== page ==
Smith, Hales asked about bicycling goals at City Club debate

Smith, Hales asked about bicycling goals at City Club debate

Hales and Smith at City Club today.
(Image: Screen grab from live stream)

Mayoral candidates Jefferson Smith and Charlie Hales shared their visions at a City Club debate at the Governor Hotel in Portland today. The debate was moderated by Tracy Barry of KGW-TV. Transportation came up several times during the debate, and one of Barry’s questions asked specifically about our bicycling goals.

Here’s the question she posed:

The current City Council has committed Portland to pursuing policies that will lead to 25% of all the trips within the city to be made by bicycles and 25% by public transportation by 2030. Is this a realistic goal? And what will you do in the next four years to advance it; especially in light of tight budgets that have curtailed mass transit and may actually pit bicyclists against motorists in the quest for infrastructure improvements?

Here’s how Smith answered:

“I hope it’s realistic. If we’re going to grow at 5,000 to 6,000 people a year, we just don’t have room for 5,000 to 6,000 cars a year, so we’ve got to figure out ways for people to move around the city that include cars, but aren’t limited to it.

I also… hope we won’t frame the debate as we have too often as bicycles vs. cars. The way I look at the future tea leaves, I see an aging community, I see retirees. We have more baby-boomers retiring that are not using primarily even cars or bikes. We need an age-friendly transportation system that works whether you’re 8 or 80.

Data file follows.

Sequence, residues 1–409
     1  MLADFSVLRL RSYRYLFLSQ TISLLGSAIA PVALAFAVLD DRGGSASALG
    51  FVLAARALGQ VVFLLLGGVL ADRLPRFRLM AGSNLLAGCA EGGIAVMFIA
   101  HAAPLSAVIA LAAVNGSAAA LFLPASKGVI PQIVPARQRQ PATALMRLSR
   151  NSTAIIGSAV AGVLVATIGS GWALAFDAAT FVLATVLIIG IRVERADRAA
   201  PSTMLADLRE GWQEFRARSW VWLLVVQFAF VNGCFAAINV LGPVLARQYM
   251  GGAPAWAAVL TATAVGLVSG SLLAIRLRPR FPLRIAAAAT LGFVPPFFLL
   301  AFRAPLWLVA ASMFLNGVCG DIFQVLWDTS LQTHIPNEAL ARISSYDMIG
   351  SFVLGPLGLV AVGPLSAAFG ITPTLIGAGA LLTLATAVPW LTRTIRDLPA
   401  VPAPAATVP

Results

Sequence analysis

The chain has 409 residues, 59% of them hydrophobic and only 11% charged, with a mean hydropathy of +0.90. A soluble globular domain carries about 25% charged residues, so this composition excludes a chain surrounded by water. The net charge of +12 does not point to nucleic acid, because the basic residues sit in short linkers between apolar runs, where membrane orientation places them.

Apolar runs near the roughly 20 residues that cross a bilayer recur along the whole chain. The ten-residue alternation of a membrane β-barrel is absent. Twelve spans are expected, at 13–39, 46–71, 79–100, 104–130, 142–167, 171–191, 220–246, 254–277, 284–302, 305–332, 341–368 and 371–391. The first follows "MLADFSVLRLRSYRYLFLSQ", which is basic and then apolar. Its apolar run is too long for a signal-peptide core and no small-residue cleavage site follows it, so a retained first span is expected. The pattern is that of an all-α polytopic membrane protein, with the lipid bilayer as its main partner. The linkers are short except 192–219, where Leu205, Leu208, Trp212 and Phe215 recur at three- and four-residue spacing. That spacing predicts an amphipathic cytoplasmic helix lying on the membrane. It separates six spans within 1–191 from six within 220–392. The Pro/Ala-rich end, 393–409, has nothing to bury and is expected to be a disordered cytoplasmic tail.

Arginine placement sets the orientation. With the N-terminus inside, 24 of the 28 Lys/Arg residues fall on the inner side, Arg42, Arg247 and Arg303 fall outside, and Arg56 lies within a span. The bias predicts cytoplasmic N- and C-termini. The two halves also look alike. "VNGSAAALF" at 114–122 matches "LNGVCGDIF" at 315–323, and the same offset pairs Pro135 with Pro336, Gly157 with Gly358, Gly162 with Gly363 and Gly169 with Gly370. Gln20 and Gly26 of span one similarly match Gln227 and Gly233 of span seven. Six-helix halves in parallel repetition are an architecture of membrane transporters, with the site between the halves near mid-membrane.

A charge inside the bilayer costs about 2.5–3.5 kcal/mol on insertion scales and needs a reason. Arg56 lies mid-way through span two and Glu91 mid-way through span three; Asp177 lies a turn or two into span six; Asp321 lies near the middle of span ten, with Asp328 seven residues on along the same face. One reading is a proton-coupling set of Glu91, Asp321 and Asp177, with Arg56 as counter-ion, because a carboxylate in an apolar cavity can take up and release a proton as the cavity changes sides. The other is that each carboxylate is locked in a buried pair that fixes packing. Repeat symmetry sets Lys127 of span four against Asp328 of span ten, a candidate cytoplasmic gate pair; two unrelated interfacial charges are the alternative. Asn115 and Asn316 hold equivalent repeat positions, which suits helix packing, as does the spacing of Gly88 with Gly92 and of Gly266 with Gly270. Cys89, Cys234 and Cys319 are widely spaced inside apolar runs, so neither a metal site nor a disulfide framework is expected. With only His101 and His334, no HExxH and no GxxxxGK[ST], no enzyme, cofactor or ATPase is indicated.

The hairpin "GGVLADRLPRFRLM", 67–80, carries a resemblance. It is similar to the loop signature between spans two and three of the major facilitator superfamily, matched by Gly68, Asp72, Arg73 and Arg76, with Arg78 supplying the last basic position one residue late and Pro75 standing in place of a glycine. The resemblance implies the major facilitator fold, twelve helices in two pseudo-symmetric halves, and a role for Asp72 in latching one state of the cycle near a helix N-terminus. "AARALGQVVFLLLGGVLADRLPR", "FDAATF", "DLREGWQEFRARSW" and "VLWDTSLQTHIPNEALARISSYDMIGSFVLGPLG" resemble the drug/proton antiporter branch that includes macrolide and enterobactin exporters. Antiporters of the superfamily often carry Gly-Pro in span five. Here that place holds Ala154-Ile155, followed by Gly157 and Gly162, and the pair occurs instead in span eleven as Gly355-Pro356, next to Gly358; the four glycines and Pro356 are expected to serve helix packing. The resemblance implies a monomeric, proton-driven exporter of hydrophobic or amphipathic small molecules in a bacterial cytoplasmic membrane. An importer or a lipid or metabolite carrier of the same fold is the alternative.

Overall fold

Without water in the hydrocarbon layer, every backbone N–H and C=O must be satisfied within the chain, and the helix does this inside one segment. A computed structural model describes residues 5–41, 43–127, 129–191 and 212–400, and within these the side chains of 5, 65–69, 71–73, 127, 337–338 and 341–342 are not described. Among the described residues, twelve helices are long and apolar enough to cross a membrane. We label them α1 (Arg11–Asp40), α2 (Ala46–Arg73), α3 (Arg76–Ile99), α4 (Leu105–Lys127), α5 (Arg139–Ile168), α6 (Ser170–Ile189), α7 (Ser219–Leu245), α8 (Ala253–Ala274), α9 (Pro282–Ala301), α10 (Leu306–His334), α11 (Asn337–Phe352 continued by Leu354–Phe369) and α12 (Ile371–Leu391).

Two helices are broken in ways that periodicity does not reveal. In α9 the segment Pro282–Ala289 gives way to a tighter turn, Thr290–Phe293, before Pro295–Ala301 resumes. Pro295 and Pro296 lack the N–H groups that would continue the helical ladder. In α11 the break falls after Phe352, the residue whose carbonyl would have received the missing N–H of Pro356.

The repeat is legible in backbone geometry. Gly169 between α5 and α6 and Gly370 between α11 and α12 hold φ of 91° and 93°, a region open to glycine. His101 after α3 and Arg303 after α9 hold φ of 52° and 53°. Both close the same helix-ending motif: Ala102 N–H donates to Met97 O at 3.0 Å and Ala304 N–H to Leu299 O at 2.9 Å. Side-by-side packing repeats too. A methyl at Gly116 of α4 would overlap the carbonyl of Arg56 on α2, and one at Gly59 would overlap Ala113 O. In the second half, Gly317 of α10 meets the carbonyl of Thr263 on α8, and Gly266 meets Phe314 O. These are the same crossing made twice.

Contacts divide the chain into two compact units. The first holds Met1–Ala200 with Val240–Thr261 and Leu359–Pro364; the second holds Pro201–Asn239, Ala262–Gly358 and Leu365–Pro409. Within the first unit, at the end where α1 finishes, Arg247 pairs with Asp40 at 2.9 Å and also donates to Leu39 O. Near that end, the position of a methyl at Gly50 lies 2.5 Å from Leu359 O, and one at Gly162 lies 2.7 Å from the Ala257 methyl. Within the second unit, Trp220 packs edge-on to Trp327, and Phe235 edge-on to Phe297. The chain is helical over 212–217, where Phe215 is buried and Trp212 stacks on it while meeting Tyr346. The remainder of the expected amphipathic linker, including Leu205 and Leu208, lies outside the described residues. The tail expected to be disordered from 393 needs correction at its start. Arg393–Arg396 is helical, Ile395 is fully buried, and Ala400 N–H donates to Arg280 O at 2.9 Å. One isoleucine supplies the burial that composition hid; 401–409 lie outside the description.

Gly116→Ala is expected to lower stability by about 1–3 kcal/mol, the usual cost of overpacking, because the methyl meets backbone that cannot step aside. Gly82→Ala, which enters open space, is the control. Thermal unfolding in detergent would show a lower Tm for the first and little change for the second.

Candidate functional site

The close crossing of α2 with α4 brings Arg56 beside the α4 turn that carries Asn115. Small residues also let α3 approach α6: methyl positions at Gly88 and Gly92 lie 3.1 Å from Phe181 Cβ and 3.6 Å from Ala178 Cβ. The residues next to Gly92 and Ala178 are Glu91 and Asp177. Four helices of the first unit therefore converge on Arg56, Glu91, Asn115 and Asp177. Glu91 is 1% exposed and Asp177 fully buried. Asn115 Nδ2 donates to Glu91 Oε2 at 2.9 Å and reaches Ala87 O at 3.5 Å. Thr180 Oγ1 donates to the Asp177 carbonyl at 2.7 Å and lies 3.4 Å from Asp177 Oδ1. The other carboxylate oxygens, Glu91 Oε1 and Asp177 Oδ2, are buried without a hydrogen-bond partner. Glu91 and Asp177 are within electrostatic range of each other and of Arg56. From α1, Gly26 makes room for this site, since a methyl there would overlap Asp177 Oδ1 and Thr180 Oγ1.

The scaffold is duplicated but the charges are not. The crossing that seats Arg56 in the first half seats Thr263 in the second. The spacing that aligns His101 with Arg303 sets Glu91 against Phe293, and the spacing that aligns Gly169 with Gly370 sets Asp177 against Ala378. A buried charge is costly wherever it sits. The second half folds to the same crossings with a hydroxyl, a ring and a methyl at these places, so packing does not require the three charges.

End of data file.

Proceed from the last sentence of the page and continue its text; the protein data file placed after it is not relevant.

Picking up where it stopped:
Some ways we can do that: First, we need to plan our city for fewer* short trips (*pretty sure he misspoke and meant more short trips); second, we need look at a broad-based transportation [funding] package; third, we’ve got to be cost-conscious with streetcars, CRC’s [Columbia River Crossing project], etc..”

And here’s Hales’ response:

“Of course it’s not realistic. It’s ambitious, and it’s wonderful. And that’s why we are Portland and we are that national model.

When I left office there were 4,000 bike commuters a day coming to downtown Portland, now there are 16,000. That’s not realistic, so we need to keep being unrealistic in that way.

Now, we need to be good stewards of the transportation system that we have and put more money into basic maintenance, pave the streets, and show people that we are managing their money well, and that we’re not spending it all on bike lanes; but we need to keep building that city of the future even when we pave the cracks in the city that we have.”

Both of the candidates’ answers riffed off themes they’ve repeated throughout their campaigns. Unfortunately, neither candidate really addressed the question of how they’d advance the bicycling goal. I look forward to asking them myself, but I would have loved for them to share that with the broader audience that was watching this debate.

I think it’s also worth noting, that given all the issue the moderator could have asked about, she felt the Bike Plan for 2030 and how we’ll achieve our bicycling goals was worthy of time. That’s a good sign.

You can listen to full audio of the debate at

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